Claudian Criticism - Essay

Terrot Reaveley Glover (essay date 1901)

(Classical and Medieval Literature Criticism)

SOURCE: “Claudian,” in Life and Letters in the Fourth Century, Russell & Russell, 1901, pp. 216-48.

[In the following excerpt, Glover examines the style, manner, and method of Claudian's panegyrics and invectives.]

We've drunk to our English brother
          (And we hope he'll understand).


It seems that both Virgil and Horace were invited to write a great epic on the deeds of Augustus, and both declined the task. Virgil, as we read in the third Georgic, thought of it, but he gave up the theme as unsuited to poetic treatment. Horace instead wrote the Emperor an epistle on literary criticism, though he would have...

(The entire section is 14059 words.)

J. H. E. Crees (essay date 1908)

(Classical and Medieval Literature Criticism)

SOURCE: “Claudian's Silence: Contribution to History,” in Claudian as an Historical Authority, Cambridge University Press, 1908, pp. 183-92.

[In the following excerpt, Crees examines the question of Claudian's reliability as an historian, particularly when his subject is his patron, the powerful general Flavius Stilicho.]

The period which we have been considering is in no wise a rounded whole. Such unity as the Age of Claudian possesses, it derives from the fact that Claudian flourished then, and in his occasional poems celebrated contemporary history. If Claudian had continued to sound the praises of Stilicho until his death, 408 a.d., the years 395-408 a.d. could...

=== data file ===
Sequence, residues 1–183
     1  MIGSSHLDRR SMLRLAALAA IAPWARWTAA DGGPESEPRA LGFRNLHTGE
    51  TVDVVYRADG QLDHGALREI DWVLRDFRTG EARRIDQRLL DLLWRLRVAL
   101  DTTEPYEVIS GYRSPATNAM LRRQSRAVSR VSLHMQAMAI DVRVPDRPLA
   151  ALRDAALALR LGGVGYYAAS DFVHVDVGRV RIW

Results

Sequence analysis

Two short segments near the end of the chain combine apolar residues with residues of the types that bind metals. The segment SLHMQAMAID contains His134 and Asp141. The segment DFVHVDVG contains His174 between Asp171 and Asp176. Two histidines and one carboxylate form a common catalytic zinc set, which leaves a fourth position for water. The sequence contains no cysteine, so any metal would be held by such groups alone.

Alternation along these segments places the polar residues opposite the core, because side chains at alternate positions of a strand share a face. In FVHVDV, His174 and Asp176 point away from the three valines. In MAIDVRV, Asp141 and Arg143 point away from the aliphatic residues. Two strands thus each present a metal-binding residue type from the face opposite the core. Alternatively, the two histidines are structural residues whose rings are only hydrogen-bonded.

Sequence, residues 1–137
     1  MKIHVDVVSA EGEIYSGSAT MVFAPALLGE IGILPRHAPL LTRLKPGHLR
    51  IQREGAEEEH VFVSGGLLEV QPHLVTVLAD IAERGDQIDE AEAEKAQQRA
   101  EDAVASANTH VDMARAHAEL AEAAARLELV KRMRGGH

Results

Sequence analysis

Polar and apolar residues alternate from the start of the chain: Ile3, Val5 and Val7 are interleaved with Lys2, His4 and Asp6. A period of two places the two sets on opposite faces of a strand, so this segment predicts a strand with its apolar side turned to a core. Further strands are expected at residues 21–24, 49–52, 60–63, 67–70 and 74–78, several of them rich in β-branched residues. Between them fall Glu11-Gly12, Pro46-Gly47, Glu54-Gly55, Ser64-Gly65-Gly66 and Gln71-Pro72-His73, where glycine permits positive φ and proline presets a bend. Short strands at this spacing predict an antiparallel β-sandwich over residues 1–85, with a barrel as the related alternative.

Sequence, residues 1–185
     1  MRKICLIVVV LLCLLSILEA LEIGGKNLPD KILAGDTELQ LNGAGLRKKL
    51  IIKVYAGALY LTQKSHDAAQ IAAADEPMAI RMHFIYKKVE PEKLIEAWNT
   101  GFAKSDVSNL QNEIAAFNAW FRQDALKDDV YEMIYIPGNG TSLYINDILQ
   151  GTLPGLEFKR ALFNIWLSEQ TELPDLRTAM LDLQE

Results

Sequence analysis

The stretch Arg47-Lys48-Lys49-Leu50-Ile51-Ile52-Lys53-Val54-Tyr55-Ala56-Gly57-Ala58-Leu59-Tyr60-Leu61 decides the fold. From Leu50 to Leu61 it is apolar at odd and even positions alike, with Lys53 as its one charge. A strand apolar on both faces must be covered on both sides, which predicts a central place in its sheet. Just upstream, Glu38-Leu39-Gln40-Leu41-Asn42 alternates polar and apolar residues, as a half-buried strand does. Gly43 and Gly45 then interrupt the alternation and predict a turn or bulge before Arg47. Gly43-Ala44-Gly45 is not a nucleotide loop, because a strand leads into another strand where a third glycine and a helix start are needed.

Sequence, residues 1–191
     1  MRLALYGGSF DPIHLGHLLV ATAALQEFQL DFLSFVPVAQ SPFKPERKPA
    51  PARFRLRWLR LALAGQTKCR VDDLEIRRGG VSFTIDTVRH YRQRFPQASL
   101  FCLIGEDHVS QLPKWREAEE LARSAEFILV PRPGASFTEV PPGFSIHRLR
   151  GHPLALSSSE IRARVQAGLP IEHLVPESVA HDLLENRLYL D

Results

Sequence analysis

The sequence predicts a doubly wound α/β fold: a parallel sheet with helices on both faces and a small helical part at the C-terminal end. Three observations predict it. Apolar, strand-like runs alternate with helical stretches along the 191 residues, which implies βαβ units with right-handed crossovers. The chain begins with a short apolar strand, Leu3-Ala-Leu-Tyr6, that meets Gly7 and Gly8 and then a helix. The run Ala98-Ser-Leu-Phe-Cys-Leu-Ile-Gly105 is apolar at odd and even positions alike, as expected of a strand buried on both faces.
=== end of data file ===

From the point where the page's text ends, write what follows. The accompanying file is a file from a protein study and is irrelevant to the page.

(The entire section is 2861 words.)

Harry L. Levy (essay date 1935)

(Classical and Medieval Literature Criticism)

SOURCE: “The Historical Background of Claudian's Invective, In Rufinum,” in The Invective “In Rufinum” of Claudius Claudianus, edited by Harry L. Levy, The W. F. Humphrey Press Inc., 1935, pp. 7-26.

[In the following essay, Levy examines the career of Flavius Rufinus, the subject inveighed against in one of Claudian's most celebrated poems.]


When Theodosius the Great died at Milan on January 17, 395, he left a troubled Empire to be divided between his two sons, the Augusti2 Arcadius and Honorius. The former received the Eastern, the latter...

(The entire section is 12955 words.)

Harry L. Levy (essay date 1948)

(Classical and Medieval Literature Criticism)

SOURCE: “Claudian's Neglect of Magic as a Motif,” in Transactions of the American Philological Association, Vol. 79, 1948, pp. 87-91.

[In the following essay, Levy speculates that Claudian essentially ignored magic in his writings because it was associated with Eastern culture and Claudian wished to stress his identity as a Roman.]

In an article written in 1941, which has only recently reached this country, Eitrem discusses the use of magic as a motif in Greek and Latin literature.1 He begins his discussion of Greek writings with the Homeric poems, and ends with the authors of the Hellenistic novel. On the Latin side, his chronological range extends from...

(The entire section is 2027 words.)

Harry L. Levy (essay date 1958)

(Classical and Medieval Literature Criticism)

SOURCE: “Themes of Encomium and Invective in Claudian,” in Transactions of the American Philological Association, Vol. 89, 1958, pp. 336-47.

[In the following essay, Levy examines three themes developed by Claudian, noting their close relationship to the political, social, and religious conditions of his time.]